Practices hit by flu payment chaos over Christmas holiday period
GP practices across England have been forced to review flu and pneumococcal immunisation data manually over the Christmas break to avoid delayed payments, after yet further chaos with the NHS GP data extraction system.
A letter sent by NHS England just two days before Christmas informed practices using EMIS or TPP (SystmOne) they had until midday today to submit all their information – or they would miss out on payment in January.
The letter explained to EMIS practices their November childhood flu immunisation data could be missing altogether, while November payments for seasonal flu immunisations had been miscalculated.
Practices on EMIS and those on TPP(SystmOne) were also informed their pneumococcal vaccination payments had been wrongly calculated.
NHS England said it was working with the GP IT system providers and the Health and Social Care Information Centre (HSCIC) to sort out the problem - which affects practices across the whole of the country - and would reimburse practices for any shortfall.
But GP leaders said the situation was ‘unacceptable’ for practices that were already struggling with extra workload and under tight financial constraints.
The letter to practices from one NHS England area team, seen by Pulse, warned practices their payments could be delayed if they missed two deadlines. It gave practice until 10am today to get data submitted and then until midday to ‘declare payments’.
It then stated that ‘on receipt of your completed submission forms, we will amend your data for you and email you to inform you that this had been done, you must then declare the payment by midday on 4 January 2016 for a January payment’.
It added that ‘failure to declare by the midday deadline will result in the payment not being made by February 2016’.
An NHS England spokesperson said: ‘We are working with the providers (EMIS and TPP) and the HSCIC to identify the issues and the impact this may have had on any practice which is affected.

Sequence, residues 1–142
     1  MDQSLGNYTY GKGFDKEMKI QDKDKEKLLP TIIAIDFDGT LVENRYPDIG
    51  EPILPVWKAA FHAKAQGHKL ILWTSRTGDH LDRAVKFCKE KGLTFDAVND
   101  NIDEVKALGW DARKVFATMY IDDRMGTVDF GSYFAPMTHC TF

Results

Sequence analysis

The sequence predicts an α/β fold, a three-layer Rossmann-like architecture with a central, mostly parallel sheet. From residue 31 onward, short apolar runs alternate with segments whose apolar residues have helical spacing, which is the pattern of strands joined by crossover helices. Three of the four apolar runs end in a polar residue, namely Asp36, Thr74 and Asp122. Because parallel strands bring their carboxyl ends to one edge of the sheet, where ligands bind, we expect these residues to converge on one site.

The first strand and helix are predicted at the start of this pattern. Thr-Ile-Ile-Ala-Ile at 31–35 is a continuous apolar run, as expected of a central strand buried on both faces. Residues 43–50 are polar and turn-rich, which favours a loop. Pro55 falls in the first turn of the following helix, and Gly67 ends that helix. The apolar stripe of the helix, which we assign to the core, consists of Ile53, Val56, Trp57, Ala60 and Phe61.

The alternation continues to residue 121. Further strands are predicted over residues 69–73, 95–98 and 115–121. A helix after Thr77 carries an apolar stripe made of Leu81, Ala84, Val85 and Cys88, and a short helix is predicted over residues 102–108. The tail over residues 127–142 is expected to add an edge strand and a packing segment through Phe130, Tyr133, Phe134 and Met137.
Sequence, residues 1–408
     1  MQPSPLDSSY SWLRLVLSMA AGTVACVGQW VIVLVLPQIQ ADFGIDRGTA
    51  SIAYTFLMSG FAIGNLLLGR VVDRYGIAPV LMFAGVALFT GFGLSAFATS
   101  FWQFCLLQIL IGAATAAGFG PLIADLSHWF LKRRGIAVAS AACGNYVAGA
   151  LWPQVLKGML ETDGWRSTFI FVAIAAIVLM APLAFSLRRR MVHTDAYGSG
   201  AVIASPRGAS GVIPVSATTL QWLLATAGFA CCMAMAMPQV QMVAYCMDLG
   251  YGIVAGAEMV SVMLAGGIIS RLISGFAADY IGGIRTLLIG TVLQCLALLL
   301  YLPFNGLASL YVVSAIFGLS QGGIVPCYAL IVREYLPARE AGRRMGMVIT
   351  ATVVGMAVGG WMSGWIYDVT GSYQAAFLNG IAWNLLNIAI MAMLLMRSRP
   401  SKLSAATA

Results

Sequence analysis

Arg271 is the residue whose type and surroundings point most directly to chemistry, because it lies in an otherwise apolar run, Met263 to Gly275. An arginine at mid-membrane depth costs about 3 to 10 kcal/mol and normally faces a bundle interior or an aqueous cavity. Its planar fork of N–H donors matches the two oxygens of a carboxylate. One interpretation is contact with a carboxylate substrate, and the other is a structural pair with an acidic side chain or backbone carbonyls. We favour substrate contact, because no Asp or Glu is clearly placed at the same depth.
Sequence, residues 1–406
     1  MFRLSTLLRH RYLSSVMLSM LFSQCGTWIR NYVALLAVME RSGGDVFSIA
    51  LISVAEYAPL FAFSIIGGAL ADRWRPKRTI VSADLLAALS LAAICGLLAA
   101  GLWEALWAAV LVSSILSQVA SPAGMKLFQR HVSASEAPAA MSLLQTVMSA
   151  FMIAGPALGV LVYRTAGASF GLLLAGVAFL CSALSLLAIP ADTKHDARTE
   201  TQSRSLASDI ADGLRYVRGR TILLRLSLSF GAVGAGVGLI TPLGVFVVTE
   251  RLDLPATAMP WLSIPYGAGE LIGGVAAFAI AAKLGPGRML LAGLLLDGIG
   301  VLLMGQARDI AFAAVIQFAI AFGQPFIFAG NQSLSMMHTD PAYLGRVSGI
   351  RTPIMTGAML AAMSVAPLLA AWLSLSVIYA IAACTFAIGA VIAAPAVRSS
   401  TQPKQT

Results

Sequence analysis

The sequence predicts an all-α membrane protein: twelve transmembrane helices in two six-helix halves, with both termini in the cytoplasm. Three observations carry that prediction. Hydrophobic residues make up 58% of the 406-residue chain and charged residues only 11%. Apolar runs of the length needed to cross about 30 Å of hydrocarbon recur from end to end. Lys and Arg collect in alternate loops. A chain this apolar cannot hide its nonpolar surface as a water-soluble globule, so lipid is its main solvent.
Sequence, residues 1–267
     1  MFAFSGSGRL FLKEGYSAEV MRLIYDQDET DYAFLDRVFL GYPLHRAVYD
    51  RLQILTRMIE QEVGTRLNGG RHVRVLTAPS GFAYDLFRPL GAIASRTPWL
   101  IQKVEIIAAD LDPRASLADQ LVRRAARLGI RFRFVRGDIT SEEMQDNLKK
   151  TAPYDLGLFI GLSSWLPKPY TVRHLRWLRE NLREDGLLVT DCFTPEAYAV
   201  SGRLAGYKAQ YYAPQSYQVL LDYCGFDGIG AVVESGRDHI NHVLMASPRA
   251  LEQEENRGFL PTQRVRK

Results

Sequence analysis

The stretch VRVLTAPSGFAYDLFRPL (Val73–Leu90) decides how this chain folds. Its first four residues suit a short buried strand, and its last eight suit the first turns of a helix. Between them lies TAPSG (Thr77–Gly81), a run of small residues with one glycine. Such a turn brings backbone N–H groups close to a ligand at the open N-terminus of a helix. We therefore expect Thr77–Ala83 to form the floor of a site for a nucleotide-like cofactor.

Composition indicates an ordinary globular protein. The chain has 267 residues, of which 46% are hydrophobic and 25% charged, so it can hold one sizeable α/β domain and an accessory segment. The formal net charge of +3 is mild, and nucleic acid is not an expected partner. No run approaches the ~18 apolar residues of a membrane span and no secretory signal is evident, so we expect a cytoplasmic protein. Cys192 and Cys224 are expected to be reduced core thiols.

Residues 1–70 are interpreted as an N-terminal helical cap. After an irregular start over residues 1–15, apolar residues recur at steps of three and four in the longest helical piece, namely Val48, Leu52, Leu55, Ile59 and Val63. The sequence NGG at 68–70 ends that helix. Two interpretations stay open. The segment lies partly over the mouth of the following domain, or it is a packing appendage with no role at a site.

‘Once these matters are resolved, any shortfall will be reimbursed to the practice as soon as possible.’
GPC deputy chair Dr Richard Vautrey said it was ‘completely unacceptable that yet again NHS England commissioned IT systems are failing practices and adding yet more workload on to already overworked practice staff’.
Dr Vautrey added that he and other GPC members were ‘hearing from angry and frustrated practice managers who are having to cope with manually reviewing this data in order to secure essential payments’.
He said: ‘When many practices are struggling financially, every penny counts and it’s important that the system supports practices and ensures the cashflow is not compromised by these kinds of payment delays.’
The Health and Social Care Information Centre said in a statement: ‘We continue to work closely with NHS England, EMIS and TPP to rectify these problems and apologise for any inconvenience caused.’
The disruption over immunisation payments comes as many practices are already facing shortfalls of thousands of pounds after delays in payments for the unplanned admissions DES, which were due in mid-November.
The DES payment delays - which have left some practices as much as £10,000 out of pocket - were also partly down to data extraction problems and miscalculations with EMIS and TPP (SystmOne).